Asiatic cheetahs spotted in eastern Iran

July 14, 2019 - 19:51

TEHRAN – Two Asiatic cheetahs have been observed in Tabas county, located in South Khorasan province, eastern Iran, since the beginning of this year (March 21), head of Tabas department of environment has said.

Two Asiatic cheetahs have been spotted in Naybandan wildlife refuge in Tabas county, so far, Mehr news agency quoted Ali Hatami as saying on Sunday.

Also, one of the locals reported to have seen an Asiatic cheetah with her cub, Hatami noted.

The observation and census of the species is really difficult because it is always moving between Naybandan wildlife refuge and Ravar wildlife refuge in southeastern Kerman province, he explained.

Naybandan wildlife refuge is a national park, situated in 180 km south of Tabas county. Stretching to 1,500,000 hectares, it is the largest reserve in Iran, which was known to have held the highest population of Asiatic cheetahs. Since 2006, it was estimated that at least 15 cheetahs live there.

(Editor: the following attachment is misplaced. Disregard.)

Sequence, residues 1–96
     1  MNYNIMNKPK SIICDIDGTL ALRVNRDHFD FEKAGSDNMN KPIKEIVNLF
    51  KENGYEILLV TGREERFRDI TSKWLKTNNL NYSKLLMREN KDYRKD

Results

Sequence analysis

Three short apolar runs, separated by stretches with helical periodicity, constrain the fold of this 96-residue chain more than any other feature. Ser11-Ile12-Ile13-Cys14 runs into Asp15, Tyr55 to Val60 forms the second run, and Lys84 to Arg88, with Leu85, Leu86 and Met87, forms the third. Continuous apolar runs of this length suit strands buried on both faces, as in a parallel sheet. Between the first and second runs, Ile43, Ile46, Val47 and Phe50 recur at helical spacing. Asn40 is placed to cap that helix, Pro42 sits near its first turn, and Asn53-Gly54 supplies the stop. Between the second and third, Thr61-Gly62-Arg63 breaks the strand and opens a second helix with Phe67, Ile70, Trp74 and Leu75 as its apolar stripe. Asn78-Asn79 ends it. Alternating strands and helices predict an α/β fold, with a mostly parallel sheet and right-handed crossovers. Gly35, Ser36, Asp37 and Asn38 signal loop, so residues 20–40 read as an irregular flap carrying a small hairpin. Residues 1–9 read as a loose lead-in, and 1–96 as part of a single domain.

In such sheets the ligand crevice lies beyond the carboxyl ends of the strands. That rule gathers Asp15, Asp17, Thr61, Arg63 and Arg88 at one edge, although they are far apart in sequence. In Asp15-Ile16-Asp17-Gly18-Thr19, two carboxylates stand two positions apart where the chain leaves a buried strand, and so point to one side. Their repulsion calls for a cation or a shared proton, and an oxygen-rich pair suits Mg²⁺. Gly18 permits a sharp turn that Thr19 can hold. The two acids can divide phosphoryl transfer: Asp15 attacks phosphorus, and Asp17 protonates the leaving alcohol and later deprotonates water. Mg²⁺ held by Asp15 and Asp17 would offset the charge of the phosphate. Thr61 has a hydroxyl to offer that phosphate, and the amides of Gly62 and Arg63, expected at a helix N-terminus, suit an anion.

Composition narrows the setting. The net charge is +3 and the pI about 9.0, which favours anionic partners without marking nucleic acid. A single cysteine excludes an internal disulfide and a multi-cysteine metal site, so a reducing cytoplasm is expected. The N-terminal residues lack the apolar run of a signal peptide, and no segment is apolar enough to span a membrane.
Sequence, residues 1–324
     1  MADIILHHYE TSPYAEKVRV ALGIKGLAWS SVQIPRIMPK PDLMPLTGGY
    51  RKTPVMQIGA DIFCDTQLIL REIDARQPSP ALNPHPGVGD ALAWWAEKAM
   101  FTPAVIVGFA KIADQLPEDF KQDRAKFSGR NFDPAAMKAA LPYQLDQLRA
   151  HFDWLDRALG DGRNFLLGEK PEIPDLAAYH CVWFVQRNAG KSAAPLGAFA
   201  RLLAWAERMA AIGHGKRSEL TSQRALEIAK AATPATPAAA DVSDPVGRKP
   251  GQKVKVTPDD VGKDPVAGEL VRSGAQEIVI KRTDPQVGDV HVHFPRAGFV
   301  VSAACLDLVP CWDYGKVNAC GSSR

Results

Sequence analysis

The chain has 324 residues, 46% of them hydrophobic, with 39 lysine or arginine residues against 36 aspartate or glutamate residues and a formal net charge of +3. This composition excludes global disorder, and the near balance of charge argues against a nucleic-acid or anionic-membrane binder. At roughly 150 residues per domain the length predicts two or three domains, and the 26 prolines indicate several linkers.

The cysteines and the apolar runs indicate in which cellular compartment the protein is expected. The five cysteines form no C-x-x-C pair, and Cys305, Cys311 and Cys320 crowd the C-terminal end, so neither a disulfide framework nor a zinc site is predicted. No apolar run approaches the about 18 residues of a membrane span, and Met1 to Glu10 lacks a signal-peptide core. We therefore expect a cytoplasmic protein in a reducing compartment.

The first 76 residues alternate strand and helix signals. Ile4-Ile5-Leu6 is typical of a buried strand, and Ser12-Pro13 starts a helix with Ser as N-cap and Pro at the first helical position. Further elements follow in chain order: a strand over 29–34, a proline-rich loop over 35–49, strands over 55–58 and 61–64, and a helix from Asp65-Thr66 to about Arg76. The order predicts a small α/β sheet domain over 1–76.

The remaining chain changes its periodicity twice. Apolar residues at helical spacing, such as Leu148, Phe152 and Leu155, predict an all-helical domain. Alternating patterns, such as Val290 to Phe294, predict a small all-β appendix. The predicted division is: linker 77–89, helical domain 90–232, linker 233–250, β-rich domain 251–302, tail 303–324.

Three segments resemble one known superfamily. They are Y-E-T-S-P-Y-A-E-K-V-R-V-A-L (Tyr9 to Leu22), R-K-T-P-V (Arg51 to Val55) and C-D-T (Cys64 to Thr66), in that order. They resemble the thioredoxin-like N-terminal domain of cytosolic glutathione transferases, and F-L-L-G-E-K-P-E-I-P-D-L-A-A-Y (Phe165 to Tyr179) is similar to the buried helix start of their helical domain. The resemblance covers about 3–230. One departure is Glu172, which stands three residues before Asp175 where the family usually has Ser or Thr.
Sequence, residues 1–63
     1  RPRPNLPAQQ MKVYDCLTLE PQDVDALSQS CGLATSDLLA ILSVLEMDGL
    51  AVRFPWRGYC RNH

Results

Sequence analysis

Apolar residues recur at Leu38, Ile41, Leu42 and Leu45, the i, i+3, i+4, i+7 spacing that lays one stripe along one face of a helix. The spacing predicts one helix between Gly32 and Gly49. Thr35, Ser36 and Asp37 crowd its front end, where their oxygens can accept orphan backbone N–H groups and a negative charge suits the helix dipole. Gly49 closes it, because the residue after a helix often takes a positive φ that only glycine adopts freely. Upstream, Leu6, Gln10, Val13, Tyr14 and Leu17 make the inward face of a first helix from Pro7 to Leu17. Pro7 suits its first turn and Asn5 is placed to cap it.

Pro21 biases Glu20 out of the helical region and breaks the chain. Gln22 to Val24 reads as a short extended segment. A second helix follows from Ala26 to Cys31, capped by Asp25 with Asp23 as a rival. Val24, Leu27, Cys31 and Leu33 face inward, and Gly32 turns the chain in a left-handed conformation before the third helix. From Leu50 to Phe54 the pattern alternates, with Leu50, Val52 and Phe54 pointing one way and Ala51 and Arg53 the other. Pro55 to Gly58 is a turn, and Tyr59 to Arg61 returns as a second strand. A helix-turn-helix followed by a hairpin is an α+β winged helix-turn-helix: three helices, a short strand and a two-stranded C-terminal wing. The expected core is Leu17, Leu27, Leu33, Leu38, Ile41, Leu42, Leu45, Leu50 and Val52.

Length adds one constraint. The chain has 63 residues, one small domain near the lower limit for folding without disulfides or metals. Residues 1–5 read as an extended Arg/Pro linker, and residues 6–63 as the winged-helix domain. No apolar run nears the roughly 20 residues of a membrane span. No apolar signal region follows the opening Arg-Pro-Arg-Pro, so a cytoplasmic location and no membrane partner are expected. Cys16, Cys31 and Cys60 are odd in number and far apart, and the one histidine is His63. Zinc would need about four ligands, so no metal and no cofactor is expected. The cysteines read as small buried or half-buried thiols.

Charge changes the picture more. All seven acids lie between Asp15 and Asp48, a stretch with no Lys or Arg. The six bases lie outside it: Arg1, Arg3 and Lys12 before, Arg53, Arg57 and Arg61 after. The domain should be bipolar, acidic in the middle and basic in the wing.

The world's fastest mammal, capable of reaching speeds of 120 kilometers per hour, once stalked habitats from the eastern reaches of India to the Atlantic coast of Senegal, once their numbers have stabilized in parts of southern Africa, but they have practically disappeared from northern Africa and Asia.

The subspecies "Acinonyx jubatus venaticus", commonly known as the Asiatic cheetah, is critically endangered, according to the International Union for Conservation of Nature, with fewer than 50 believed to remain in Iran.

Roads fragmenting cheetahs’ habitats are the main threats for the species, while guard dogs and stray dogs, drought spells, decreasing population of the prey species to support the cheetahs, and habitat loss are also other factors endangering the sparse population of the cheetahs in the country.


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